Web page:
It's the end of yet another week and the start of a new year. Due to the ongoing holiday season, there hasn't really been an influx of news in the past couple of weeks, but that doesn't mean that nothing eventful happened in the latest news cycle. In fact, this week, we received some interesting pieces of information related to Microsoft Edge, Windows 8, and more. Find out in our digest for December 25, 2021 - December 31, 2021.
Throwback to Windows 8
Although we are familiar with swiping toast notifications to the right in order to dismiss them, this method could have been considerably different if an unnamed "senior Microsoft executive" had their way with Windows 8 several years ago. According to a report, the executive wanted notifications to be swiped to the left first so they would zoom off to the right similar to a slingshot when you lifted your cursor. A GIF of the proposed toast notification animation can be seen below:
Fortunately, the design team was eventually able to convince the executive to drop the idea, likely on the grounds that the swipe left behavior would have been wasted on a pointless animation. Had the executive managed to successfully lobby for the swipe left animation, we would have likely seen it make its way to Windows 10 and Windows 11 too. You can read more about this here.
Talking more about Windows, those using Windows 11 for photo and video editing should know that color rendering may break on some custom profiles. Microsoft is currently investigating the issue and a fix is expected later this month.
In a bit of a surprise, a Microsoft patent filing from last year gave us what could be an early look at a triple-display device, or a "Surface Trio", if you will. To be clear, the patent is mostly about the hinge and describes the hardware as a "multi-panel display device", it's interesting that the company used a Duo-like handset with an extra display. While it's unknown if such a device will ever see the light of day, what makes the purported Trio different from the Duo - apart from the extra screen - is also that can fold it in such as way that exactly one display is always visible. This would be a significant improvement over the Duo in which you can either expose both of the displays or none of them. That said, one does have to wonder about how the accompanying software and existing apps will be designed to make use of the third panel as well as new form factors.
Speaking of apps, WSATools has a few copycats listed on the Microsoft Store, so be wary. What's more is that the original app itself wasn't showing up in search results on the storefront, but that problem has now been rectified. For those unaware, WSATools enables you to easily sideload Android apps on Windows 11 in a streamlined fashion.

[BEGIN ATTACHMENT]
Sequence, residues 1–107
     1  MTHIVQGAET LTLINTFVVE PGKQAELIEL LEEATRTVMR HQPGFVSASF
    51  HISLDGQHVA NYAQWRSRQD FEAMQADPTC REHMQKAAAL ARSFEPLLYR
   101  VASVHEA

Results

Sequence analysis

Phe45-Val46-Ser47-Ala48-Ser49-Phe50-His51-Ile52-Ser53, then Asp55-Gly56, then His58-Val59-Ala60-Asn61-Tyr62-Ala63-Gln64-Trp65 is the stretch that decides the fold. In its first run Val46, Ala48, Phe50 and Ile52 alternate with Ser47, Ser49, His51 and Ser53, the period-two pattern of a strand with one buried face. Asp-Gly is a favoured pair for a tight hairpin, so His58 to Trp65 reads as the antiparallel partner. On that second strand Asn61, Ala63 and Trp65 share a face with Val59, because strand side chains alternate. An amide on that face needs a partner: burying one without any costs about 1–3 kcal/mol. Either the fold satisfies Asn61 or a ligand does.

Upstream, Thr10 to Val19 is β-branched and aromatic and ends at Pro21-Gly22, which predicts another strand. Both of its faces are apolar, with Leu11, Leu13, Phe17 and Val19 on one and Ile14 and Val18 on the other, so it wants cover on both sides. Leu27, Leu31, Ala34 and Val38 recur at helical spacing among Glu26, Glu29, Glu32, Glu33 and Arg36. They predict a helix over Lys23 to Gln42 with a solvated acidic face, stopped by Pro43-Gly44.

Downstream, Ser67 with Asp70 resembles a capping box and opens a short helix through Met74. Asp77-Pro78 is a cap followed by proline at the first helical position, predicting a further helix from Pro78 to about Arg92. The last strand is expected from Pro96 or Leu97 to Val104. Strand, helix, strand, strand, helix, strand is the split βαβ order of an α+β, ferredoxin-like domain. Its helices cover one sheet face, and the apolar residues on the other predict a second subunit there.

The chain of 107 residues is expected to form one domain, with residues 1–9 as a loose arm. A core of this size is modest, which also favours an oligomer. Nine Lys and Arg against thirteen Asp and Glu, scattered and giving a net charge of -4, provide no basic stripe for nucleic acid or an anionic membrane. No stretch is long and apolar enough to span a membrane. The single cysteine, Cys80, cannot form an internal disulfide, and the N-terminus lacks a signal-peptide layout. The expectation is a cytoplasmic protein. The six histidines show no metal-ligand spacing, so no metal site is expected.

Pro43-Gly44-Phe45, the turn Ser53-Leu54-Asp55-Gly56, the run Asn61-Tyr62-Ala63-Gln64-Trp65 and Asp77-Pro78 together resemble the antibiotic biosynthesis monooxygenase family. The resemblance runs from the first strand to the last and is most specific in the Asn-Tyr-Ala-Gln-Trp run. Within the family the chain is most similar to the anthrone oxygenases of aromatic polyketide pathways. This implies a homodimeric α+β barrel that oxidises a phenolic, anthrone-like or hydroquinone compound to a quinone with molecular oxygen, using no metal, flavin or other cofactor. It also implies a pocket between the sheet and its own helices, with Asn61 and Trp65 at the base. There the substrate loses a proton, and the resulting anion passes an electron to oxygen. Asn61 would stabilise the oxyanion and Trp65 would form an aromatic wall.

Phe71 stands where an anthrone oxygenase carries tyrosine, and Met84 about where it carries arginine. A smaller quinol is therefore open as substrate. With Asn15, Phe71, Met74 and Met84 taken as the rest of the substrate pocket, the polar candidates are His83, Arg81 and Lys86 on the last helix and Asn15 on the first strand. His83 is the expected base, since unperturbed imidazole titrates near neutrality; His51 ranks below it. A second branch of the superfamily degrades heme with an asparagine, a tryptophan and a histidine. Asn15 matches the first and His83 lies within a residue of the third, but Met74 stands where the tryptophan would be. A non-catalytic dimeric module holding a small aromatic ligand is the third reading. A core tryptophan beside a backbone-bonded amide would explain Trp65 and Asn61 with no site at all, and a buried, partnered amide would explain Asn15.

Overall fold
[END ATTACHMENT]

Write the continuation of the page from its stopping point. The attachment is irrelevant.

Games panel in Microsoft Edge
Microsoft Edge has been the topic of some controversy recently due to the browser offering new features and utilities that many believe should not be a part of the core browsing experience. This includes shopping features, a Word-like Citations tool, Office integration, a Math Solver, and now a Games panel. Essentially, Edge will offer a shortcut in the omnibar to quickly launch MSN games in the browser window. Although it will be disabled by default, the "feature" has many of our readers debating the pros and cons of integrating something like this directly in a browser versus offering it as an extension. Dive into the discussion here.
In other Microsoft 365 news, the Germany state of Hessen has lost a court case to dump Teams and Office 365 in favor of a "local solution" in schools. However, the court found the proposed solution to be lacking in capabilities compared to Microsoft's offering, so it has ruled against such a decision. Find out more details here.
- Disco Elysium, Prince of Persia, and more have gone on sale in this week's Deals with Gold promotion
- NeuroVoider and Radiant Silvergun are now free for those with an Xbox Live Gold subscription
Under the spotlight
This week, we published a guide on how you can uninstall problematic updates on both Windows 10 and Windows 11. That said, it is important to note that Windows updates make your PC more secure and patch other issues too, so if you proceed to uninstall select updates, do so at your own risk. Find out more details about the process here.
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